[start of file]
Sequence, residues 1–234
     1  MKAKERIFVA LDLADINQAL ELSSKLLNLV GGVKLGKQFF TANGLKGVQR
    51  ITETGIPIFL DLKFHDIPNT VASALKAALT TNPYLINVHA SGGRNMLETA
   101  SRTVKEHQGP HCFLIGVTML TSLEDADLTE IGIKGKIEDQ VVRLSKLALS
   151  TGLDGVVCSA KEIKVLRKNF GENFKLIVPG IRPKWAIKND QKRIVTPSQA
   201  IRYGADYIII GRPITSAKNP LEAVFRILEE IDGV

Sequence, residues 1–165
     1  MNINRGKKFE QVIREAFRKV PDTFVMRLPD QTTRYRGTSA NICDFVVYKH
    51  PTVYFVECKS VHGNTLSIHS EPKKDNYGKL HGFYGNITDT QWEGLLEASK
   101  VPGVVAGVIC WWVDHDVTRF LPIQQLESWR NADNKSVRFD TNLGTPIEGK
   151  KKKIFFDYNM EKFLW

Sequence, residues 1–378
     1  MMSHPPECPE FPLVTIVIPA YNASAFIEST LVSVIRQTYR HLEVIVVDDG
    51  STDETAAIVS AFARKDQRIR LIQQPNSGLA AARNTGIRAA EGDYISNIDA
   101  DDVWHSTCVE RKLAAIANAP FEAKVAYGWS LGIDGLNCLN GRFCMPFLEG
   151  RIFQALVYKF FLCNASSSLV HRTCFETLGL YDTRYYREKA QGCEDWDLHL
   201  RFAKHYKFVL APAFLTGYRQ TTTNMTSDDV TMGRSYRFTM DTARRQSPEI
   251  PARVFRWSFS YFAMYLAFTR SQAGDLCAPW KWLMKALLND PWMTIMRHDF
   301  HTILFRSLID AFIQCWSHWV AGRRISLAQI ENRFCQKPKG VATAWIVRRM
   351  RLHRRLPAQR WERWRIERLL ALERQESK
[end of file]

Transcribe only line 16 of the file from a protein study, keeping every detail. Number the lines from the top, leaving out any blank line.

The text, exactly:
   151  RIFQALVYKF FLCNASSSLV HRTCFETLGL YDTRYYREKA QGCEDWDLHL